Using Violence for Good and Evil

So I was cruising twitter at work, as I do, and I came across this excellent article by Drew McWeeny.

What happens when we find ‘The Line’ as viewers?

In it, he talks about how, as a movie reviewer, he has seen hundreds of depictions of rape, and how he finally just snapped. He’s questioning why this happens so often, and coming to the conclusion that is essentially laziness on the part of the writers/directors, in most cases. (It’s quite a good article, you should read it.)

Anyways, I sent it to my movie-buff friend, and he came back with this.

He makes a much-needed point. I haven’t seen a lot of movies that included on-screen rape – only one comes to mind, and I’m hoping it’s only that one, because otherwise something is seriously wrong with me that I’ve just gone and forgotten the others – but the same principle applies (in a lesser sense) to other depictions of extreme violence and sexuality on-screen.

And I responded;

And it goes beyond mere gratuitous violence/sex, which is the usual accusation against pointless content. It’s just sloppy. So much writing nowadays is short-hand for emotional impact. (And I’m guilty of this too.) We need the audience to feel grief– so the child dies. We need the audience to feel horrified– so we rape someone. It angers me on two counts, because a.) it’s sloppy writing (something I feel strongly about), and b.) it cheapens the actual grief, pain and violence. Which is something I feel even more strongly about.

I thought of you when I read this, because I seem to remember you saying something like that in the past. 😀

Then Zack again…

Well, I sure hope I said something like that. ‘Cause, yeah, it’s true. I think it also indirectly leads to lack of character development, because seriously, what kind of writer would be able to write a convincing, sympathetic, well-developed character and then just casually have another character rape him/her, or the like? I mean, maybe a psychopath writer, but I sure can’t imagine doing that, and I think what generally happens is that that kind of thing is used as a substitute for character development, which ties in to what you’re saying about sloppy writing. Ironically, because the audience or readers won’t be all that attached to the character being brutalized in some way, they won’t feel the affect of the act as keenly, which, yeah, cheapens the evil on display and feeds the growing prevalence of apathy towards this kind of stuff.

And at this point I asked if I could put the conversation on my blog.
TA-DA.
And I’ve been thinking about this over the last few days, because of my reaction to certain things in books. Books about Cancer, specifically. And everyone in my internet is suddenly reading A Monster Calls and A Fault in Our Stars, both of which I’m sure are fabulous books, but ones that I am terrified of. This would be because I lost my little brother to cancer at the age of 4, and it was not a good time for me. (I’m not gonna bother to go into how bad of a time it was, because if you can’t infer it from “little brother died of cancer when he was four” then we clearly have a failure to communicate that goes beyond word choice.)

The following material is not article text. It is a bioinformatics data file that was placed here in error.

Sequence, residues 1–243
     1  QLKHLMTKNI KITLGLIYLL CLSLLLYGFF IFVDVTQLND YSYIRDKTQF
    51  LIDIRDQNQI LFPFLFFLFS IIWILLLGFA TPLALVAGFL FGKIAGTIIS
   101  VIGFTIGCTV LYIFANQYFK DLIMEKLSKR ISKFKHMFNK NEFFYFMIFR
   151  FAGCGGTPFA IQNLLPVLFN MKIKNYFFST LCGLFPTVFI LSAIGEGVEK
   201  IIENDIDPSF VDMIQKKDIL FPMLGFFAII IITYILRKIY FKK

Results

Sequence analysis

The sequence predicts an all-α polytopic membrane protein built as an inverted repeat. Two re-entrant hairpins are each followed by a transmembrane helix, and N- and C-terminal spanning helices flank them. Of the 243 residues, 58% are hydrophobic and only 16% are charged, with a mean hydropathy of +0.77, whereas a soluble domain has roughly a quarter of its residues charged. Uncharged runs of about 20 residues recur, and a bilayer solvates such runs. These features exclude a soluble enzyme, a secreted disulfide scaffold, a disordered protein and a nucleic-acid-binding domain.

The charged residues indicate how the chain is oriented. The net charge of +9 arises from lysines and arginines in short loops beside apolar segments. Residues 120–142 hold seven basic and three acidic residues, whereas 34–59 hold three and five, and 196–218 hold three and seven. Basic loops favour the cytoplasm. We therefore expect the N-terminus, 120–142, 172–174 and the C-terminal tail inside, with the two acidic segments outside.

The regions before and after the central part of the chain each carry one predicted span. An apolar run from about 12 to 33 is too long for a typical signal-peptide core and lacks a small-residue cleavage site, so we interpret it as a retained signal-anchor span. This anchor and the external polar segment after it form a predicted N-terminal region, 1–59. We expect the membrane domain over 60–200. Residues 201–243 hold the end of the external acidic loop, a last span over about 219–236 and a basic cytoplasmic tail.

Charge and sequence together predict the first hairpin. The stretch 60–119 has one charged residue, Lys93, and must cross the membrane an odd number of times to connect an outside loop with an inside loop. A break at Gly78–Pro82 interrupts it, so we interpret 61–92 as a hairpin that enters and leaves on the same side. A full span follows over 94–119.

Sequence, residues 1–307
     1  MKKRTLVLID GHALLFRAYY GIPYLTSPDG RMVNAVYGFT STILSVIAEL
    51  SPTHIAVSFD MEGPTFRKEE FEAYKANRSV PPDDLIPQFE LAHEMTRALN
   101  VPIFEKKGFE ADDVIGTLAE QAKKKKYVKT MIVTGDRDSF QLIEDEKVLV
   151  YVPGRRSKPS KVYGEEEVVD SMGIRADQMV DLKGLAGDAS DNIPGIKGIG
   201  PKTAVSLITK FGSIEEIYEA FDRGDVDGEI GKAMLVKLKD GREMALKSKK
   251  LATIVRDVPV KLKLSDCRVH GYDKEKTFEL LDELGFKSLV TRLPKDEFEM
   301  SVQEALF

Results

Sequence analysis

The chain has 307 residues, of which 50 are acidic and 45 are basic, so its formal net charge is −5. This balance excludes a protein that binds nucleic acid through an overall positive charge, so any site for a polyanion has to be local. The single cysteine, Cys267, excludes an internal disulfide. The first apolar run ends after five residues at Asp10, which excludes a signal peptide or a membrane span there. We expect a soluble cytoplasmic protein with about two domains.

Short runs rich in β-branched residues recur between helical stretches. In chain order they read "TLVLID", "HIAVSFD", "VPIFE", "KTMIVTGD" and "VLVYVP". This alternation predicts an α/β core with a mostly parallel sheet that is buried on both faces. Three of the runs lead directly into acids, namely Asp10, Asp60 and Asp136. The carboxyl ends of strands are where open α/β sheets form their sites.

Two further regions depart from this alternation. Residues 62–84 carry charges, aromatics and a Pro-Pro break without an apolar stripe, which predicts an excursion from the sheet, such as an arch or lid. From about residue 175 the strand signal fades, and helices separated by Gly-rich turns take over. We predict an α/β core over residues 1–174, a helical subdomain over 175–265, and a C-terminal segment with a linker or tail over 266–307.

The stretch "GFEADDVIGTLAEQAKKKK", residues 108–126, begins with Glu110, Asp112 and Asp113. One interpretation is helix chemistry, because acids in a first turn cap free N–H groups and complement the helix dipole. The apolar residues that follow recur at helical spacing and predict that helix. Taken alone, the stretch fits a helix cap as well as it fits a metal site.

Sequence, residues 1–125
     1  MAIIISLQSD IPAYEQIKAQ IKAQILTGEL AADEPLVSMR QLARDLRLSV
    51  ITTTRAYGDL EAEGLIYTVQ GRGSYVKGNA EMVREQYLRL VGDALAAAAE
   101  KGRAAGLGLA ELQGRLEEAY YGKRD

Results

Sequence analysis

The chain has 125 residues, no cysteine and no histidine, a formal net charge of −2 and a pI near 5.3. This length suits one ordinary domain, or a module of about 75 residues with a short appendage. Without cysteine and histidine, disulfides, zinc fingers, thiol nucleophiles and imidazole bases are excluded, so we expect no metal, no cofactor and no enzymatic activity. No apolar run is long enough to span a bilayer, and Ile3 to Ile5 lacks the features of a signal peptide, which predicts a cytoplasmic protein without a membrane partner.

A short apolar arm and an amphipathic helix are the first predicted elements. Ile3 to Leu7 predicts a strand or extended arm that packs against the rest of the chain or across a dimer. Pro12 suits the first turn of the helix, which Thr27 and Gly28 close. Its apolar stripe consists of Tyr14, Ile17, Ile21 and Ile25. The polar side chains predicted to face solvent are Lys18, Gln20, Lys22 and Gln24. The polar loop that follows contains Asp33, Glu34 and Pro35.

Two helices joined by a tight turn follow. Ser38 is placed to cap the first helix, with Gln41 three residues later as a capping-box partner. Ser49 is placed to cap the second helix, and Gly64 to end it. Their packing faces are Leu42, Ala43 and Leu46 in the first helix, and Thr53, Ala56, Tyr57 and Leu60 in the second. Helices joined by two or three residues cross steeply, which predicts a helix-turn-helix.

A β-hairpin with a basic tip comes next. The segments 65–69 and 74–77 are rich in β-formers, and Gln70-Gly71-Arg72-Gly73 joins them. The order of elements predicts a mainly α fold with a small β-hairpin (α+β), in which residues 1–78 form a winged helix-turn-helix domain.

That’s not to say that stories about tragedy cannot be worthwhile. The best stories invariably DO contain a seed (or sometimes a forest) of pain. In all of my favourite books, horrible things happen, have happened, will happen, and are being dealt with. But pure content does not make a story good or bad. But pain as content is something like juggling fire. If it’s done well, it’s awesome. If it’s done badly, it is a really bad thing for everyone. I firmly believe that there is no middle ground.
And unfortunately, stories about cancer usually go down in flames; Nicolas Sparks being a prime example. Children dying is used in procedural TV shows to add a dash of pathos. The slow death of a child is used as a checkbox to elicit a brief emotional response, and then the story moves on to the important stuff– the sexual tension between leads. It worries and disgusts me.
So if I feel like that about cancer, something that touches huge swatches of the population and yet is mishandled in fiction and the media constantly, how do rape survivors feel about how often it’s used (as outlined in the article I linked to), to add some brief horror and sexiness to a film? How do domestic violent survivors feel about all the jokes about “he didn’t give me the right gift, so I’m gonna beat him up/if she doesn’t give you a sandwich give her a black eye.”
And I am not immune to this failing. It is so much easier to give a character a traumatic backstory and then never deal with it. Because yeah, I don’t want to deal with it. Pain is not fun to delve into, I’d rather add some trauma to make people edgy and badass and then have them be So Awesome™ for the rest of the story. So writing this post, and thinking about it, has made me realize that is a terrible approach to story-telling. If I want to share my stories (and I do), I have a responsibility to make sure they don’t go around throwing people’s pain in their face and telling them that it is worthless. And I do not want to do that.